Promoting healthy eating practices is key to reducing the risk and the incidence of chronic disease. Patients today are inundated with nutrition information, but unfortunately much of it is not medically sound.
Promoting healthy eating practices is key to reducing the risk and the incidence of chronic disease. Patients today are inundated with nutrition information, but unfortunately much of it is not medically sound. Physicians have a unique opportunity to provide patients with reliable information and resources that are appropriate for their individual needs, and to emphasize the importance of nutrition for improving health.
Here are some useful nutrition resources that are easily accessible:
Dietitian Services at HealthLink BC
Easy-to-use nutrition handouts containing information from the most current scientific sources. Physicians can call 8-1-1 to speak to a registered dietitian from Monday to Thursday, 8 a.m. to 8 p.m. and on Friday from 8 a.m. to 5 p.m. Patients can contact a registered dietitian for healthy eating advice by calling 8-1-1 or visiting www.healthlinkbc.ca/healthyeating/emaildietitian.html.
Healthy Families BC
Healthy Families BC, an initiative of the Ministry of Health, is a reliable, evidence-based resource where British Columbians can access a wide range of multimedia resources including articles, videos, and interactive features to support healthy food choices.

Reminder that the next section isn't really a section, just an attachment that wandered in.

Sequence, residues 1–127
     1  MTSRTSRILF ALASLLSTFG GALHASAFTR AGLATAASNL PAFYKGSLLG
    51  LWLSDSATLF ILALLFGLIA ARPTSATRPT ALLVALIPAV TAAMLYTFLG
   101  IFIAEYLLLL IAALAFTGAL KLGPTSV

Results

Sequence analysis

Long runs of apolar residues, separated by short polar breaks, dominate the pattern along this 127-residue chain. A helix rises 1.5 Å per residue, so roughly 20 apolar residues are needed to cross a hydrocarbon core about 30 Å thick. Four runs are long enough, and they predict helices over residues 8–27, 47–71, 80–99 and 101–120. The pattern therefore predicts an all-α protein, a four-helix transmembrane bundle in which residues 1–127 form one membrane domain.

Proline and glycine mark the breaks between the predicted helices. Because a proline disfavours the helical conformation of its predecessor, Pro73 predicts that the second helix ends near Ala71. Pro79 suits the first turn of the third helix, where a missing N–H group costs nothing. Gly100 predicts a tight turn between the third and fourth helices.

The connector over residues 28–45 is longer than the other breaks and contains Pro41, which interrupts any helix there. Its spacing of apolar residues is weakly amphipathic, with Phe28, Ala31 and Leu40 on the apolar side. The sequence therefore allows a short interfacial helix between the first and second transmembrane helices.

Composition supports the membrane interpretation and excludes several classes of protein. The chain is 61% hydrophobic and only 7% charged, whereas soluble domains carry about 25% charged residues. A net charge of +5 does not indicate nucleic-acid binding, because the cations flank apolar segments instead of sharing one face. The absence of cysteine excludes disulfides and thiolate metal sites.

The Healthy Family BC website has tools to help patients reduce dietary sodium intake—a central strategy for reducing and preventing hypertension, stroke, heart disease, and kidney disease. We know that some sodium in our diet is necessary, but many British Columbians consume more than double the required amount. Here are some resources to help your patients achieve the 1500–2300 mg Health Canada target:
• Sodium Sense: www.healthyfamiliesbc.ca/sodium-sense. An interactive tool that challenges visitors to select food items for meals and snacks, keeping within the daily sodium recommendation.
• Educational articles: www.healthyfamiliesbc.ca/home/articles/topic/sodium. Topics include salt basics, tips to lower dietary sodium, reading food labels, and appropriate salt consumption for kids.
• Social media and blogs: Healthy eating blogs on sodium reduction, as well as other topics, are posted by HealthLink BC Dietitian Services twice each week.
Reducing consumption of sugary drinks is another important nutritional focus. Obesity continues to rise and sugary drinks can be a big contributor to the problem. To encourage your patients to avoid sugary beverages, you can refer them to the following resources on the Healthy Families BC website:
• Sugary Drink Sense: www.healthyfamiliesbc.ca/home/articles/sugary-drinks-how-much-sugar-are-.... This is an awareness tool that measures the amount of sugar in some common sugary drinks by the number of sugar cubes.
• Educational articles: www.healthyfamiliesbc.ca/home/articles/topic/sugary-drinks. Topics include switching to healthier beverages, sugary drink myth-busters, reading labels, and sugary drinks and kids.
With over 10000 different items to choose from in the average grocery store, it can be challenging to make healthy, budget-wise food choices. Healthy Families BC has a great resource to help patients make healthy decisions while shopping for groceries:
• Shopping Sense and the Virtual Grocery Store: www.healthyfamiliesbc.ca. The link to the Virtual Grocery Store, found at the bottom of the webpage, takes users to a virtual shopping experience where they can learn from a registered dietitian how to read food labels, choose healthier fats, and increase their fibre intake, as well as other important healthy eating and safe food handling tips: